Yes, you can. You should immediately contact a local area personal injury attorney. This forum has many available attorneys throughout the United States. Most personal injury attorneys provide a free consultation. Take whatever you have regarding the incident to the attorney for him/her to review. I am sorry about your daughter and I hope that she recovers soon.
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Yes. If the owner had reason to know that the dog was or had vicious propensities, s/he is strictly liable. The medical costs may pale in significance compared to the other damages you may be able to collect.
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Generally, a dog gets "one free bite". In other words, the owner of the dog must have notice that the dog has a propensity to be vicious. Contact a personal injury attorney in your area that has experience with dog bite cases. Sorry about your daughter, I'm sure its tough for you to see her hurt like that. Good luck!
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Your daughter may be able to recover for her pain and suffering, which includes any scarring she may have as a result of the incident, and you may be able to recover for any costs incurred as a result of the incident. In NY, the owner of the dog is strictly liable for injuries as a result of a dog bite if the dog had vicious propensities prior to the incident. Thus, if there is any proof that the dog bit or acted aggressively before, the owner is responsible for any injuries sustained by your daughter. There is no "one free bite" in NY as was indicated in another response. I suggest speaking with a local attorney who has handled this type of case before, and if you can't find one, look outside your area for an attorney experienced in dog bite cases.
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Yes. Scars are injuries that can be compensated for in an injury claim. Consult a personal injury attorney to assist you.
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You need to establish that the dog had "vicious propensities".... this means that there is evidence that the dog had bitten ( or even menaced or threatened) someone prior to your daughter's incident. Some dogs are considered viscious per se i.e. pitbulls. If you can establish that ( through a neighbor or someone else's testimony, then the owner is strictly liable. If the owner of the dogs owns a home, the claim should be covered under the general liability policy . We handle such cases. I have a blog on dog bite liability on my website. www.kileylawfirm.com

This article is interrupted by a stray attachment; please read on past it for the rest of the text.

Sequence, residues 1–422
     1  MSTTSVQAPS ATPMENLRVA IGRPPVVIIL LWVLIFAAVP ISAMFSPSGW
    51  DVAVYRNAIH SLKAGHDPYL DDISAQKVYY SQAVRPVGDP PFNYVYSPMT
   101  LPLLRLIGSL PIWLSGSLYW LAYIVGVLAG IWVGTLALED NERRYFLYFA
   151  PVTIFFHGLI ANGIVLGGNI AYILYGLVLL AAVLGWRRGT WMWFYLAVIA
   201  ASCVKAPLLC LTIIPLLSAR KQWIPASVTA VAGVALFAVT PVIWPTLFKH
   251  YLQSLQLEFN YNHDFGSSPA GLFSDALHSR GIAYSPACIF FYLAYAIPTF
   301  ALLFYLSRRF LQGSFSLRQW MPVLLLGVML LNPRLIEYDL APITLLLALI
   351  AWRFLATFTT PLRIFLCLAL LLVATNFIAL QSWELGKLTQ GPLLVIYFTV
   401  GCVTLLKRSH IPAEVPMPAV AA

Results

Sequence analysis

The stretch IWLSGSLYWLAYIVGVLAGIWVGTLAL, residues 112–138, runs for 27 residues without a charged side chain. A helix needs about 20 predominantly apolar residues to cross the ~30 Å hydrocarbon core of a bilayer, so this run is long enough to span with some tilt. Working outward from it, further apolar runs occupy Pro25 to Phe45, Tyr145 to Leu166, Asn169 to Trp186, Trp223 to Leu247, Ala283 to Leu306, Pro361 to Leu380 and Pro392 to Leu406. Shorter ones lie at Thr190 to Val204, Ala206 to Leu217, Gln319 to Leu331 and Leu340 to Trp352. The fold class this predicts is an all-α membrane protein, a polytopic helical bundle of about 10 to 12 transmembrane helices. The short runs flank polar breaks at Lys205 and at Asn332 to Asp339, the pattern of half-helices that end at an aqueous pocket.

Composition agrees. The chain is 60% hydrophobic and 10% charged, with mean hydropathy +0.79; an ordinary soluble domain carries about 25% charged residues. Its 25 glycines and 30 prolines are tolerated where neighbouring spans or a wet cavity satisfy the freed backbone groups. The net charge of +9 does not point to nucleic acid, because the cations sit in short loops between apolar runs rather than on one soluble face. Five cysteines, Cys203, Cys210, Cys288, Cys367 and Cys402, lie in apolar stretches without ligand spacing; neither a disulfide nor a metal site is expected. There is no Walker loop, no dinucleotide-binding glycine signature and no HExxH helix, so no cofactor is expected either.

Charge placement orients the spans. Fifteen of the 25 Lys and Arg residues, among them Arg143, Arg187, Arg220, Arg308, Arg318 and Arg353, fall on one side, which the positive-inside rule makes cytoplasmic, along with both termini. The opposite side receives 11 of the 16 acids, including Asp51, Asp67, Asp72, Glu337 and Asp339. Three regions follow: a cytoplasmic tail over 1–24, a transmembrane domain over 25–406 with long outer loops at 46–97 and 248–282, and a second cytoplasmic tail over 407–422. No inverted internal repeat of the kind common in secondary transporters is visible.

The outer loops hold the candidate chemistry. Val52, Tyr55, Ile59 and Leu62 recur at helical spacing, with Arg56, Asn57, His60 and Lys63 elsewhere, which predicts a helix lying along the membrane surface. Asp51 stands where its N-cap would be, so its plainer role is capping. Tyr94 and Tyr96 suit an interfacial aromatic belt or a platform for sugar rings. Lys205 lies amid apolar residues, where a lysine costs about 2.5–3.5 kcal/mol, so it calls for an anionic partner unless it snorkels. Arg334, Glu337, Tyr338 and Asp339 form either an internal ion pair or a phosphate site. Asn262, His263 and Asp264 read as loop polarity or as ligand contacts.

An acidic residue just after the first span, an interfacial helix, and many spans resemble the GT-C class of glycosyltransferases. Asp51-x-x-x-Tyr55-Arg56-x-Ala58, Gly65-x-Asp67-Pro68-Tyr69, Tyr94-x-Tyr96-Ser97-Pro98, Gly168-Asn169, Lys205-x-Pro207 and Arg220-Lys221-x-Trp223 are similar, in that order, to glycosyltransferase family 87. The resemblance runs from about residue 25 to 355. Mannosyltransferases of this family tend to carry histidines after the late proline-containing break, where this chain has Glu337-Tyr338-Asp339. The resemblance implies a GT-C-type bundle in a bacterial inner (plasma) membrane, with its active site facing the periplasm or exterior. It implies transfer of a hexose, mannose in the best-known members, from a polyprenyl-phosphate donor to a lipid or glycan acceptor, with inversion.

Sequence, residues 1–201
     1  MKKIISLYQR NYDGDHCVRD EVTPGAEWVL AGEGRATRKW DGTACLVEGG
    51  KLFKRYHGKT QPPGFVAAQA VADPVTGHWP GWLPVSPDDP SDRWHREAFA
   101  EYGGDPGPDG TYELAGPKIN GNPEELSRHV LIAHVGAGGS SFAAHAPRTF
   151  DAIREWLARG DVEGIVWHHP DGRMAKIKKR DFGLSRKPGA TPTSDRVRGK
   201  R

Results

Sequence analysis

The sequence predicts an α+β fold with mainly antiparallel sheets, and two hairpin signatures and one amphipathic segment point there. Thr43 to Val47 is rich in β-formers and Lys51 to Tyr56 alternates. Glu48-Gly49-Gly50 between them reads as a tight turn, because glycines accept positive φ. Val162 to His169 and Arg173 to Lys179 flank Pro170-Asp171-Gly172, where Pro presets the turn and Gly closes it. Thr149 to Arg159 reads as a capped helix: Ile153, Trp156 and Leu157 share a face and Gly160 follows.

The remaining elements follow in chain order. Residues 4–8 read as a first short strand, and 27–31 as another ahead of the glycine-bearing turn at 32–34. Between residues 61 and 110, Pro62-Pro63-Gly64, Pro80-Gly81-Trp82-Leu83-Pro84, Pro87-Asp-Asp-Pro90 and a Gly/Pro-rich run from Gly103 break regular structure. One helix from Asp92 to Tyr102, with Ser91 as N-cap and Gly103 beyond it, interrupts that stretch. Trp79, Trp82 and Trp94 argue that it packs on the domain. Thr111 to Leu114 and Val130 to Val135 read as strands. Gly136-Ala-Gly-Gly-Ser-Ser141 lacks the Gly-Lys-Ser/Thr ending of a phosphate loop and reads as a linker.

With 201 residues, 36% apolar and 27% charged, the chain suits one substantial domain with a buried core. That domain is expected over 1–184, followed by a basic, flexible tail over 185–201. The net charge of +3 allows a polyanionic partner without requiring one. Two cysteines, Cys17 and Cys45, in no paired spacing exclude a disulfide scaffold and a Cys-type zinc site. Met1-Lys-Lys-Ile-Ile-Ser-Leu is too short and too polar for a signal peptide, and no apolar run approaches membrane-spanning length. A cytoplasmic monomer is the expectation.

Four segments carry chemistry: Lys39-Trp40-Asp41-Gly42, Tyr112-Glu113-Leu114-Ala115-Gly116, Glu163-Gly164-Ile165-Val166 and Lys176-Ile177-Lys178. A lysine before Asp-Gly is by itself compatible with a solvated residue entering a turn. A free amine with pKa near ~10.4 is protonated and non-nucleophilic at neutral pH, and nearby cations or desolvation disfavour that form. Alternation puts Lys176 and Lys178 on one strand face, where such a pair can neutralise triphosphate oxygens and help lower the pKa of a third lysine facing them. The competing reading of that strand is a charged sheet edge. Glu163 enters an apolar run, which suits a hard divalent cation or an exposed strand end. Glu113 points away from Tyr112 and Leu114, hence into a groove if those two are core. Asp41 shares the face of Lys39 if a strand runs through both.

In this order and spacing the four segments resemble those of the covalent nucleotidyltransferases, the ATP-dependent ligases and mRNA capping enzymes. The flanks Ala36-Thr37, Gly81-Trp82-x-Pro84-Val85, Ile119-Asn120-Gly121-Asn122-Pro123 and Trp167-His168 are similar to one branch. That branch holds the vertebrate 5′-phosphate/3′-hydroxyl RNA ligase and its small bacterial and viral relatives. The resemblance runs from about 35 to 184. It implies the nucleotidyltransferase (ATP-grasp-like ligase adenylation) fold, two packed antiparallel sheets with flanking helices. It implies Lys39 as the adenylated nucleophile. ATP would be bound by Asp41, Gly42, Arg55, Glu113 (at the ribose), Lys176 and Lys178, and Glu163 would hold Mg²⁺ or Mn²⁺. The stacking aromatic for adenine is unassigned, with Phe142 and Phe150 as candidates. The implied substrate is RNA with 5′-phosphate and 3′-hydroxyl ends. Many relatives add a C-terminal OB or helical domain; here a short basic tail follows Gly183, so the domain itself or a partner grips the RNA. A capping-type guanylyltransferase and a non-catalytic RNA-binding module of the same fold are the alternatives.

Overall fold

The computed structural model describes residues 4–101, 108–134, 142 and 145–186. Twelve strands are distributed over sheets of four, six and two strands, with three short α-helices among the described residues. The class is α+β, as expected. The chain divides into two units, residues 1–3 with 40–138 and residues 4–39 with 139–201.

My firm is a second generation family firm successfully handling personal injury and medical malpractice cases for over 35 years. "Let Our Family Help Your Family" www.kileylawfirm.com 516 466-7900
It will depend on the location of the attack. The implication of the new yours agriculture and market law which may require a leash. The dogs prior vicious propensities if any. The dogs breed. The dog itself and whether it is simply a family pet or a watch dog. Hire a lawyer who will research the dog and interview the mail man to see if the dog exhibits a viciousness when he or she delivers the mail. If it often barks at strangers. Jumps on the door or fence. Has attack someone else. It depends on the specific facts of your case. The owners insurance carrier may have med pay coverage.